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Money Conversations: Be Careful!!


 

"It was impossible to get a conversation going; everybody was talking too much."


-Yogi Berra

 

I'm standing outside in a foot of fresh snow. It's still coming down. It's the fourth snowfall in two weeks. Luckily, we have a small driveway and no sidewalks. "There's not much to shovel," I think, as I keep working. Recently our snowblower broke down and the cost to have it repaired was more than the cost of a new one. My wife and I had a conversation and I loudly make my point that I actually like shoveling and we don't need to spend our money on a new snowblower. 


The mounds of snow are getting taller and taller, especially down at the end of the driveway where the snowplow comes; they are taller than I am. This makes it more and more difficult to heave the snow to the top of the pile. Plus, I'm not getting any younger; I get sore!


My wife helps me shovel and afterwards tells me that she thinks we should get a snowblower. What!? My mind jumps straight into the gutter and thinks about all the other things we could spend money on besides stupid piece of equipment we don't even need. I know how to shovel! How can she think about tossing our money out just like that; so easily? 


Then, she reminds me that in addition to our driveway with the six-foot snowbanks, we shovel a very long path for our camper, which we keep in our yard and use to go winter camping. She very calmly tells me that one of the things she learned from me is that one of the best uses of money is to buy time. Instead of taking two and a half hours to shovel, I could use the snowblower and be done in 25 minutes. That's a savings of almost two hours per snowfall!


Crow doesn't taste very good! 


In an instant I realized that I never took the time to find out why she wanted a snowblower; I didn't look for her point of view. I made some assumptions, and those assumptions turned out to be wrong.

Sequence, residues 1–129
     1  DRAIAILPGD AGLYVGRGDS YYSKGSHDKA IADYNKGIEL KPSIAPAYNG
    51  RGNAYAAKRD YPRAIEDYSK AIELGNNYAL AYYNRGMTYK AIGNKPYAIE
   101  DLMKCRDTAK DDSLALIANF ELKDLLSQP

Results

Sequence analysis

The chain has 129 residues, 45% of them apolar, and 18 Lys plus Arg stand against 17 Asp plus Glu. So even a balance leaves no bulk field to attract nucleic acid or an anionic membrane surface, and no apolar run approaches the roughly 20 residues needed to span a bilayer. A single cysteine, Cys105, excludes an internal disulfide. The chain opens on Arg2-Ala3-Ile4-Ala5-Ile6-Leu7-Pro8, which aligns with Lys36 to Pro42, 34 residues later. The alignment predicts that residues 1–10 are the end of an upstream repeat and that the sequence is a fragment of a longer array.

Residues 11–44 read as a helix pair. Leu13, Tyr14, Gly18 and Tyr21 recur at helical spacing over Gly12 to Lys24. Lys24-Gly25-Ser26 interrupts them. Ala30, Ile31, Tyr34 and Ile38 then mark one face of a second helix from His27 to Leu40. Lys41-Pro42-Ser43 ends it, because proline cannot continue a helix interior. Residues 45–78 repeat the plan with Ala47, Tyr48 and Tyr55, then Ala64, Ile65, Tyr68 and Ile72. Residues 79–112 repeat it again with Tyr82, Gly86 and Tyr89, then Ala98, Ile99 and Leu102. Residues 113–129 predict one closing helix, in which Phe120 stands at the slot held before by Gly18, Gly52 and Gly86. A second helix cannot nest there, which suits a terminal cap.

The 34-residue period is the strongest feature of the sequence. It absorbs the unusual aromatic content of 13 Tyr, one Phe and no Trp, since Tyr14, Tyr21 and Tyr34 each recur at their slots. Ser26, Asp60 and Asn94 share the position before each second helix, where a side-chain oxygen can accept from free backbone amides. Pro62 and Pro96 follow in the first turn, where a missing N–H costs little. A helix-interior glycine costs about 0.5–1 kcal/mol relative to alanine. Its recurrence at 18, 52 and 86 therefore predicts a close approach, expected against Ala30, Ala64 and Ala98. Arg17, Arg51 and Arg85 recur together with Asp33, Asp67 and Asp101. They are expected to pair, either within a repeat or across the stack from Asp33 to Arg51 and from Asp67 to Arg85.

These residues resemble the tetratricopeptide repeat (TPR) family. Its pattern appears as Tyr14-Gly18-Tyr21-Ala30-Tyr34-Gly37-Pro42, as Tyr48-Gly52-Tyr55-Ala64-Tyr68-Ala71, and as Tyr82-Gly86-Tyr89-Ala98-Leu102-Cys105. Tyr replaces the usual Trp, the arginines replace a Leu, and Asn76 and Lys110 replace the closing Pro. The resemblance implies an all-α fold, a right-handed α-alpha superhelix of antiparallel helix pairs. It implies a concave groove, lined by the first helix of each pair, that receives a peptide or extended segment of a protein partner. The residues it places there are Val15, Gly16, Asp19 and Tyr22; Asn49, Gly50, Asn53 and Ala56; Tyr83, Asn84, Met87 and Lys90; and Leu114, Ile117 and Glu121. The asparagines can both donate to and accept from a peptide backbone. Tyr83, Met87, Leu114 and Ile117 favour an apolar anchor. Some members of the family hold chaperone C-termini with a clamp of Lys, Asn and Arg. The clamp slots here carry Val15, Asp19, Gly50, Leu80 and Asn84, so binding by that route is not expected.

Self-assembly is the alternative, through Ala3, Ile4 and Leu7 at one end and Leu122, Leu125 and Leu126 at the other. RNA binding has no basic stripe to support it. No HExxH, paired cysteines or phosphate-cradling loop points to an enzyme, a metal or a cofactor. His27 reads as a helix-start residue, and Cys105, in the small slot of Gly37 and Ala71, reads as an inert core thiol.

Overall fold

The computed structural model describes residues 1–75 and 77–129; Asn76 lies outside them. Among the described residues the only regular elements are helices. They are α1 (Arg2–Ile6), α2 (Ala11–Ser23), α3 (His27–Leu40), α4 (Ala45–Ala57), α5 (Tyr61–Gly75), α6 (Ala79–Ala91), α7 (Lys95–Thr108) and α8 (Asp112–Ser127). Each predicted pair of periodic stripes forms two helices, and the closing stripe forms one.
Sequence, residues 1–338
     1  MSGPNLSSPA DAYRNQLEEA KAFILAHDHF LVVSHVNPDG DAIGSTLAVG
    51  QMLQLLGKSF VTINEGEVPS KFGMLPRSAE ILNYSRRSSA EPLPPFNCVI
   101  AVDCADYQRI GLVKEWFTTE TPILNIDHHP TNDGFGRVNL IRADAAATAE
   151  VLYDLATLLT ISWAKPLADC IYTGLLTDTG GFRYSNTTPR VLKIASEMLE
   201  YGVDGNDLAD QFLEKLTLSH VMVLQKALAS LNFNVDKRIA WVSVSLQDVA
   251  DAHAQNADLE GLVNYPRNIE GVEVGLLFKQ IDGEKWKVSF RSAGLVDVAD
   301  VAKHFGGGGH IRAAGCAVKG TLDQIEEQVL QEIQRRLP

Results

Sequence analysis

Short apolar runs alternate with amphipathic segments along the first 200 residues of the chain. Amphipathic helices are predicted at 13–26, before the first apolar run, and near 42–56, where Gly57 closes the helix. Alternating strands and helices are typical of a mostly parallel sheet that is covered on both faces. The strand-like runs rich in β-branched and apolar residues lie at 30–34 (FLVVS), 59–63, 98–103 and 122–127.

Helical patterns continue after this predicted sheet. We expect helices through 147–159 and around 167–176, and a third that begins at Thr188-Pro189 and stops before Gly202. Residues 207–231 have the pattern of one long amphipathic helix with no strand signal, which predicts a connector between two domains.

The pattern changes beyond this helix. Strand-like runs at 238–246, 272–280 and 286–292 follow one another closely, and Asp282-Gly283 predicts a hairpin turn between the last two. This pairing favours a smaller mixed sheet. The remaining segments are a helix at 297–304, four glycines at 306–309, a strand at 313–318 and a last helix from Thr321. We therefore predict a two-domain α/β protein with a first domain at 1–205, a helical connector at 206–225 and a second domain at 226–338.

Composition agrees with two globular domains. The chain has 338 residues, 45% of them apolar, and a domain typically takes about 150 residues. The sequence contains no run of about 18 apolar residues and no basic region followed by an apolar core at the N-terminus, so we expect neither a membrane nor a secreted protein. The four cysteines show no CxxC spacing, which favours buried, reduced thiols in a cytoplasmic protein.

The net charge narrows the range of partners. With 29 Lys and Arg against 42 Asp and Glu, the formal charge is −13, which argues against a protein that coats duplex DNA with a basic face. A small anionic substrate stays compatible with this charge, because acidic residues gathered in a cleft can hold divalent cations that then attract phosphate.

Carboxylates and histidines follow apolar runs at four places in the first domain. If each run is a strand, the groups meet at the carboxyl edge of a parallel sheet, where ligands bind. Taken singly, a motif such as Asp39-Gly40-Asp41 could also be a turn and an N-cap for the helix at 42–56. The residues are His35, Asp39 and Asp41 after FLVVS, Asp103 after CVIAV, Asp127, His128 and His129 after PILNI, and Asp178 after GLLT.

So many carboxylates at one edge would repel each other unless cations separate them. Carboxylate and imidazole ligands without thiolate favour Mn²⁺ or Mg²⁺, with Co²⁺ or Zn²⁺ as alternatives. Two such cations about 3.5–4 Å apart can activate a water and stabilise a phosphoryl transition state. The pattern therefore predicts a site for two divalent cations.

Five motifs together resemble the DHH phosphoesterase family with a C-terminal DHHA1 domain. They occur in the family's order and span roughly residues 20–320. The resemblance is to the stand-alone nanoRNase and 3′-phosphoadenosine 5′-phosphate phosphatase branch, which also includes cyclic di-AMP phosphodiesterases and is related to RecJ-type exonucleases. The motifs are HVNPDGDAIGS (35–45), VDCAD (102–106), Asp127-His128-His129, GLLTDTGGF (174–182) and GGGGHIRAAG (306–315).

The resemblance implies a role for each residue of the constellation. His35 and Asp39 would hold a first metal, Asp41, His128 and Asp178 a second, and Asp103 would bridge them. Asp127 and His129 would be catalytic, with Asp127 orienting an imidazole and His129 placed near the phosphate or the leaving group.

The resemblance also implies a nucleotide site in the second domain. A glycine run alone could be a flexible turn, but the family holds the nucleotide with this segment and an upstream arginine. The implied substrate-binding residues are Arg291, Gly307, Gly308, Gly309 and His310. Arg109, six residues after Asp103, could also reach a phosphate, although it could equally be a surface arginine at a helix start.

Do you think this can happen with other money conversations? You bet it can!


listening by seeking to understand

Money Conversations Are Hard


Why is it so hard for so many of us to talk about money? On the surface this seems like a mystery, but if you take a minute and put any thought into it, it becomes very clear. Money is not natural to us. Our distant ancestors didn't have to worry about it. Money skills are foreign and most of us aren't prepared to deal with it. Money touches every area of our life. If you asked a fish about water it wouldn't have any idea what you're talking about. Money is our water. Money skills are the new survival skills. 


When many of us think (or talk!) about money, a lot of negative emotions spring up. Emotions like shame, guilt, embarrassment, anxiety, fear, regret, and disappointment very quickly consume us. We have learned that alleviating these emotions helps us (in the short run) so when we think that a conversation might bring us negative emotions we tend to try to avoid it. After all, if we know bringing up money will lead to a fight, isn't it better to avoid bringing up money, so that we can avoid the fight?


How We Think (About Money)


I have to apologize for the next section on the brain. I know, BORING! However, I will try to keep it very brief and I think it helps understand how and why conversations about money often times blow up.


Our brains first develop a part of the brain that's responsible for our instincts. It develops at about six months old and resembles the brain of a lizard. The next part of our brain to develop is the part of the brain that's responsible for our emotions and resembles the brain of a monkey. It is developed at about six years old. Finally the part of our brain that is responsible for rational thought gets fully developed in our early 20s. I call this our thinking brain. The lizard and monkey brain together make up what we would call our subconscious brain, or what I call the emotional brain.


The thinking brain is what we would call our conscious brain, and is that part of the brain most of us think as "us." Unfortunately for many of us, our thinking brain makes only 1% to 9% of our decisions. We are emotional creatures. The thinking brain, however, does have the important job of controlling the impulses of the emotional brain. 


If you've read (or heard of) Danial Kahneman's book, Thinking Fast and Slow, the fast brain is what I have called the emotional brain and the slow brain is what I have called the thinking brain. 


triune brain

Stressful Times = Fight/Flight/Freeze


All that brain stuff works fine together, normally. Imagine an person riding an elephant. The rider knows how to control the elephant just fine...in normal conditions. But, imagine the elephant gets spooked. Now the rider has ZERO control over the elephant. That's the same way our brain works. In times of high stress, our fast brain shuts off our slow brain. It goes into fight/flight/freeze mode (did you know 'freeze' is part of that?). In times of stress, our brains kick into survival mode and does what it needs to do to survive the moment. To do this it can't have a slow-thinking,